Treatment of RO brine from CSG produced water by spiral-wound air gap membrane distillation — A pilot study
Authors: Hung C. Duong, Allan R. Chivas, Bart Nelemans, Mikel Duke, Stephen Gray, Tzahi Y. Cath, Long D. Nghiem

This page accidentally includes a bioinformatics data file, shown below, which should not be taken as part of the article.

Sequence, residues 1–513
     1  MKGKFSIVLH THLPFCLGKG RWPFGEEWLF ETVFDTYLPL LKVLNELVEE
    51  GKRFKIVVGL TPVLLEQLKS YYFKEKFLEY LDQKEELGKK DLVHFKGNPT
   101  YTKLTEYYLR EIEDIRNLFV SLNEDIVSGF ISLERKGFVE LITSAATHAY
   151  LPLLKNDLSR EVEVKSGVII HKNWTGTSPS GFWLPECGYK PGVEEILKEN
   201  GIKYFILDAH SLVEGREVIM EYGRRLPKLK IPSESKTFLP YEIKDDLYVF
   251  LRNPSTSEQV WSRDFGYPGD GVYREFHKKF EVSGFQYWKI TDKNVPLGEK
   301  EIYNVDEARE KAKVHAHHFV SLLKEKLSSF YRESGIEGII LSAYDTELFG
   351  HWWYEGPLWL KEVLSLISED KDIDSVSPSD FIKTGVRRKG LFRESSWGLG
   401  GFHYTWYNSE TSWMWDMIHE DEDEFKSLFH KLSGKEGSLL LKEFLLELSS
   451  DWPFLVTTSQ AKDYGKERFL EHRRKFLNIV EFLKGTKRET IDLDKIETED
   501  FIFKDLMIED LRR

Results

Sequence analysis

Summary: Brine management is a major bottleneck for coal seam gas (CSG) production in Australia. This study investigated the concentration of CSG reverse osmosis (RO) brine using a pilot membrane distillation (MD). The system was equipped with a novel spiral-wound air gap membrane distillation (AGMD) module. By operating the pilot MD system at low feed temperature and a small temperature gradient, a stable distillate production rate could be maintained. The resulting low permeate flux can be offset by a high packing density of the spiral-wound membrane module. Here, using a module with diameter, height, and total membrane surface area of 0.4 m, 0.5 m, and 7.2 m2, respectively, the pilot MD system sustainably achieved 80% water recovery and produced 10 L/h of distillate from CSG RO brine. Overall, 95% water recovery could be obtained from CSG produced water for beneficial uses by a combination of RO and AGMD without any observable membrane scaling. A preliminary thermal energy demand analysis suggests that if installed in New South Wales (Australia), 1 ha of flat-plate solar thermal collector arrays could provide sufficient thermal energy to treat 472 m3/day (2970 bbl/day) of CSG produced water using the proposed RO/AGMD treatment train.